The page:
Bruce Cannon's puppet magic
JASMIN K. WILLIAM Amsterdam News Staff | 5/31/2013, 12:03 p.m.
Bruce Cannon has all the right strings attached. Good thing too, because the multi-talented, Harlem-born Cannon is the artistic director of the Swedish Cottage Marionette Theater. Cannon and his talented group of artists combine the classic skill of puppetry--particularly marionettes--with the best theater technology. Cannon knew at age 9 that he had a gift for the stage.
After graduating in 1974 from Harlem's High School of Music and Art, Cannon headed to Virginia State but returned to New York a year later, still not knowing what he wanted to do.
"I found myself back home just hanging out and my mom said, 'No. This is not going to work. You either go back to school or start looking for a job,'" Cannon told the AmNews.
He was in no hurry to go back to school, so he began looking for work and signed up for the Comprehensive Employment and Training Act program. He got an interview with the city's parks department. His background in the arts and his training as a classical trombonist made him a perfect fit for the Swedish Cottage Marionette Theater, which is currently the product of a partnership between the City of New York Parks and Recreation and City Parks Foundation. The director of the theater just happened to be in the building, and 19-year-old Cannon got the assignment.
The first production he worked in was "Peter Pan." Cannon's job was keeping a spotlight on Peter Pan. Soon he was working the puppets himself and the rest, as they say, is history. Cannon became the director of the Swedish Cottage in 1997 and has held the job ever since. He is responsible for everything from operations, facility management and musical direction to auditioning and training puppeteers. Cannon does it all, but his specialty is marionettes, which require a high level of manual dexterity.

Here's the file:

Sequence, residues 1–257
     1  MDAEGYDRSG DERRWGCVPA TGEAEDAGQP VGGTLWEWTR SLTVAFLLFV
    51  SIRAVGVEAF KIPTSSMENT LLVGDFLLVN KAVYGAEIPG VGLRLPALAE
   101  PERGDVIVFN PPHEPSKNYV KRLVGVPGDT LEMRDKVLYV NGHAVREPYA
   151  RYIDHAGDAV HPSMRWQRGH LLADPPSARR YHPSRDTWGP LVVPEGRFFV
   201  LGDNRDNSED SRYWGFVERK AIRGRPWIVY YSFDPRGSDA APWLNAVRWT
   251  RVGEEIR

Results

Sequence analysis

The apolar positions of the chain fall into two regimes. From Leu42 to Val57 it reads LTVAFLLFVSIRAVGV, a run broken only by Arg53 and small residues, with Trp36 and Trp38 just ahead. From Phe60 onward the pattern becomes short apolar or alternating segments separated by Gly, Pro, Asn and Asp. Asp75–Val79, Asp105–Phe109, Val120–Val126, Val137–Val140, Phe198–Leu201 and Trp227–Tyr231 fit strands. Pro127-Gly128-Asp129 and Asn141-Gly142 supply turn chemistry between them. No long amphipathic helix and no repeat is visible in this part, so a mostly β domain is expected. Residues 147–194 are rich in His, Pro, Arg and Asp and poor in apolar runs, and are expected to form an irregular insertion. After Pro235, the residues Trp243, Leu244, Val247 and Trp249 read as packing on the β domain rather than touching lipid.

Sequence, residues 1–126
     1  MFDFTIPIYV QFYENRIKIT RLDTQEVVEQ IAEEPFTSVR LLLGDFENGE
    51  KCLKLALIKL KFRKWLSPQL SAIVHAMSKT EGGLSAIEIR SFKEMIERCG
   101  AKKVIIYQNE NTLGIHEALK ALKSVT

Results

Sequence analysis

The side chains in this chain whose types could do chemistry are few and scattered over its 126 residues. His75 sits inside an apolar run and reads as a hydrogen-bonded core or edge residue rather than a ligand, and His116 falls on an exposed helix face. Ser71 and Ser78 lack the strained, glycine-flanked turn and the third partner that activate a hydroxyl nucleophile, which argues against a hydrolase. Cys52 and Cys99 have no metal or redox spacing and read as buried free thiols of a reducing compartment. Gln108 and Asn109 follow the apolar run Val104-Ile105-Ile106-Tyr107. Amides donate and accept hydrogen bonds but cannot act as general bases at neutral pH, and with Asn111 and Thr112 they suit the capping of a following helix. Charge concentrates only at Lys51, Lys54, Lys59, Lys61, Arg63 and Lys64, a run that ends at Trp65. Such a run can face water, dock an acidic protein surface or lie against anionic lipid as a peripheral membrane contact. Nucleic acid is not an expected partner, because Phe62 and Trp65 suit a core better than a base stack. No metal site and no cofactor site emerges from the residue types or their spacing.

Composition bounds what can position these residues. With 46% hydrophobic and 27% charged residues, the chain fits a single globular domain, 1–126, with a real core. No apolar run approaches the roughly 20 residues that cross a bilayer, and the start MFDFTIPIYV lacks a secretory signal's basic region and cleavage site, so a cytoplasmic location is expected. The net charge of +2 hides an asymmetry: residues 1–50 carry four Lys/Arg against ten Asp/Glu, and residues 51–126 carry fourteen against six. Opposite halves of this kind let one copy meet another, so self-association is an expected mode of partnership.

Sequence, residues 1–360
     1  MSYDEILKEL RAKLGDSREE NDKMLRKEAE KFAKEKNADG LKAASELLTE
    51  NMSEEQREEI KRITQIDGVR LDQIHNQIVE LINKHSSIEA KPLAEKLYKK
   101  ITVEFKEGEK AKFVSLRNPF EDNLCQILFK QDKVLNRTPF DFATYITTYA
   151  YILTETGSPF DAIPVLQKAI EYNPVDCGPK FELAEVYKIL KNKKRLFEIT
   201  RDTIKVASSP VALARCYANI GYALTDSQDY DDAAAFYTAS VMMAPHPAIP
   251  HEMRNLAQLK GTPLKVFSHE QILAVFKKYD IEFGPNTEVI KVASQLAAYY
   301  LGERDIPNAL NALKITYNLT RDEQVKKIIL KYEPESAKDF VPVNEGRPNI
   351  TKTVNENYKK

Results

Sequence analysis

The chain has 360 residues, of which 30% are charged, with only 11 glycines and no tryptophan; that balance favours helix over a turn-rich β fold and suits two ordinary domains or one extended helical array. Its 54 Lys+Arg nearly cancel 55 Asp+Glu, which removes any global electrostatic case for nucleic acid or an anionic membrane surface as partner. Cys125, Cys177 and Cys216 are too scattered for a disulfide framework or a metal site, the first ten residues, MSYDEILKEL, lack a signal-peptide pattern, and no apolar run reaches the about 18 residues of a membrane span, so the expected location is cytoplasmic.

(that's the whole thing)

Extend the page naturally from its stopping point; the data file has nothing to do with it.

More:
"You're working strings. Most puppets require half-movements, but with a marionette, you have to know where all the strings go and what each string controls. It's like playing an instrument. You have to know what string for what movement, and while you're executing one move, you're constantly preparing for the next move. It's a constant state of anticipation. My musical training really served me in that respect," Cannon said.
There are schools where one can learn the art of puppetry through a degree program, but interestingly enough, they do not teach marionettes. Cannon trained many of his puppeteers. Some went to Europe to further their skills.
"Many puppeteers, like myself, learned the old-fashioned way--through an apprentice program. You get hired with a puppet company and learn from master puppeteers. When I learned, all the puppeteers already had 15 or 20 years behind them. I was the new kid on the block. Now I'm the old guy," he said.
"I'm training the puppeteers who come in now. Most go into film because now they are using more puppets in film and animation. We're just the old, European style of classic puppetry that's almost gone out of vogue," Cannon said.